To diagnose the issue, the IBGC and CILG launched a multisectoral study to seek solutions that can improve the health of business and society. Leveraging the IBGC’s business lens, Chakravorti wanted the study to reconcile the question’s political, social, and business implications. Social media companies are major global employers, and as the technology industry continues to grow, so too does interest from the stock market. CILG’s expertise in international law helped identify the international regulatory framework within which these issues were to be examined to identify where platform responsibility ends and where the role of regulators and civil society begins.
“This is clearly a business product which is generating value, and it has very strong global implications for the wellbeing of society, democratic institutions, and the economy itself,” said Chakravorti. “The health of this industry, and its product, is central to the health of business and the health of society. I can think of very few products that sit at this intersection.”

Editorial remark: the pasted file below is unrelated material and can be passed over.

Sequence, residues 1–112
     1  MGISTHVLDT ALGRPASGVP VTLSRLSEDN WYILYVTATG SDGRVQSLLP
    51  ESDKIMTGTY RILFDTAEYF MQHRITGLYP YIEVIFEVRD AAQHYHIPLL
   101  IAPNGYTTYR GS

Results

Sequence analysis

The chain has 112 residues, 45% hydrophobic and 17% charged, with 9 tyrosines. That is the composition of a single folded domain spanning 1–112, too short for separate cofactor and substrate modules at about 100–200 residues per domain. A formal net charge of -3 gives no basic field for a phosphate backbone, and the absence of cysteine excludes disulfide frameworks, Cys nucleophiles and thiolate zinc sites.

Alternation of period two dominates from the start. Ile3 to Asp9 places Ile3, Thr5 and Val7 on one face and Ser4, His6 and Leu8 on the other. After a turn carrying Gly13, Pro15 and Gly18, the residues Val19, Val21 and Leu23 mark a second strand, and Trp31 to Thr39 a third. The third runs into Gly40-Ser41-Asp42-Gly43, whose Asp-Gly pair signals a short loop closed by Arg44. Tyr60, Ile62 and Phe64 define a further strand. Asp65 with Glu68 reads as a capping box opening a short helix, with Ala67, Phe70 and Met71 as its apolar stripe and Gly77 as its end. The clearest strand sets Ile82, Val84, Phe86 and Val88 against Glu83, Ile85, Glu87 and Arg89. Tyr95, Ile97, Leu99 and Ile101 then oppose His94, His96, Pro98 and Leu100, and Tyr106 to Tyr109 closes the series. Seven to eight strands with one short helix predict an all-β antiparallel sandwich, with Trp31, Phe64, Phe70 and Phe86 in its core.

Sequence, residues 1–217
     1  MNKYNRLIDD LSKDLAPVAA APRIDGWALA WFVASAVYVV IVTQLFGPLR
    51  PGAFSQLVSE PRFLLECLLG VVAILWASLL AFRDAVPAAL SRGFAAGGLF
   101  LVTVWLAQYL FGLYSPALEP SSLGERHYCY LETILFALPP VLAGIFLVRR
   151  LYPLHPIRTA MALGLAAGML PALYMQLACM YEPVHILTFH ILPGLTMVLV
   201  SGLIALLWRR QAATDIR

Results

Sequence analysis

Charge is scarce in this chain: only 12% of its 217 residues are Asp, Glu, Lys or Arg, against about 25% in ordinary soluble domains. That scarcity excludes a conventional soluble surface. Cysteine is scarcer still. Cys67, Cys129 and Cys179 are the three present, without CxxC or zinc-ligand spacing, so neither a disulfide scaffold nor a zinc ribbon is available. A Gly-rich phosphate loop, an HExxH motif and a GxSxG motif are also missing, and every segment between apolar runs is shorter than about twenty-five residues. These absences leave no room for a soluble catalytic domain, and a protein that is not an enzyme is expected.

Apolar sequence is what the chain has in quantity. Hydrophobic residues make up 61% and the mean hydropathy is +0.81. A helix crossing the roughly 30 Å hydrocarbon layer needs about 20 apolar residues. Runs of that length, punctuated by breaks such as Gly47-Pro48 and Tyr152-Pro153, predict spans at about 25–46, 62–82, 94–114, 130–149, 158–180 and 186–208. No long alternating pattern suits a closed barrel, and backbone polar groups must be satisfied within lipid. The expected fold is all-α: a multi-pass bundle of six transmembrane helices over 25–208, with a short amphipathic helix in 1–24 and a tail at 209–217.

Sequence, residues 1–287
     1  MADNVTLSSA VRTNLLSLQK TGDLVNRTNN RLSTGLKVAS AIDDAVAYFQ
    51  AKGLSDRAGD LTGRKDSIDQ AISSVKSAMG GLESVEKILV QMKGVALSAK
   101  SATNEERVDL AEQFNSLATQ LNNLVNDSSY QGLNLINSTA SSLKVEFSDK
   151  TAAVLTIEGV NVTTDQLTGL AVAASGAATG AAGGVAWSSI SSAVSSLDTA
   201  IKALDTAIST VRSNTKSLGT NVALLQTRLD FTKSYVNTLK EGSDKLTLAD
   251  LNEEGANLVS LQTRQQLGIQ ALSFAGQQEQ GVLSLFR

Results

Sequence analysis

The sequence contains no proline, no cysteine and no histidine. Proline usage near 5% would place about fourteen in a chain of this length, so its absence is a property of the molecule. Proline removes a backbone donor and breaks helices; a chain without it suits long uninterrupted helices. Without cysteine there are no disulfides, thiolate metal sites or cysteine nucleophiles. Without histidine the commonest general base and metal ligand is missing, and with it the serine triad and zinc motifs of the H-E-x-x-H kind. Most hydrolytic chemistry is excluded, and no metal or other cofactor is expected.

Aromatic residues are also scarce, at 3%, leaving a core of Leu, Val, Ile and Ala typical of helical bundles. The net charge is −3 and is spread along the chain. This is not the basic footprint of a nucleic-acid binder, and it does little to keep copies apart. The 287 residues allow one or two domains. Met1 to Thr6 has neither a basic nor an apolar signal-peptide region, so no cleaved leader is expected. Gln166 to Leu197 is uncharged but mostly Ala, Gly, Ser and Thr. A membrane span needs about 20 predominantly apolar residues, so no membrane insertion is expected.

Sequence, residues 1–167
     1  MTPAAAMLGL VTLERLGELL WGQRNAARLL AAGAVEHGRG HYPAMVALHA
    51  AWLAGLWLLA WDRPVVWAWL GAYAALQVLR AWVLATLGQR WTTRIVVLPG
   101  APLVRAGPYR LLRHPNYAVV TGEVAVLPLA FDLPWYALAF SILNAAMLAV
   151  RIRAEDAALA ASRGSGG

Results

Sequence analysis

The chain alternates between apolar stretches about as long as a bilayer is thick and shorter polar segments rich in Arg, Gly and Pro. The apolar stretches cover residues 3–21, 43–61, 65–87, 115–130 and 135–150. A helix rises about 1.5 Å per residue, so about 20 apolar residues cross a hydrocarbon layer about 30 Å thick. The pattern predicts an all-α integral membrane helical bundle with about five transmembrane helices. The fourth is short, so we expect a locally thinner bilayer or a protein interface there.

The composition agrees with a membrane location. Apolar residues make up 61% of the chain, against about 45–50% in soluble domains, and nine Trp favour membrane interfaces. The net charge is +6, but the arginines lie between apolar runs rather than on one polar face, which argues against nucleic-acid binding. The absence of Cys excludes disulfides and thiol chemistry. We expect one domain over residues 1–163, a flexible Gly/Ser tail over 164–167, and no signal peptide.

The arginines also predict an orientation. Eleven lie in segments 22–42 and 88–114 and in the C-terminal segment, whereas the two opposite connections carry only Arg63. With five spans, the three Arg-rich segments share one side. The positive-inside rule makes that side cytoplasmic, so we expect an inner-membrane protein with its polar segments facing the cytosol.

To investigate solutions that would acknowledge the full complexity of the issues, the IBGC invited experts to examine the questions of content moderation from different vantage points, drawing upon Fletcher faculty’s diverse expertise. One group employed a geographic perspective, looking at how content moderation is framed and confronted in the US, China, India, Brazil, or the EU. Another set of experts examined how other issues that have global exposure are handled by national regulators; could solutions from international banking teach lessons that can be imported to the digital domain? A final set of scholars considered the issue from different disciplines—international law, global political economy, and technology policy. Along with Chakravorti and Trachtman, Fletcher professors, Daniel Drezner and Josephine Wolff made important contributions to this initiative.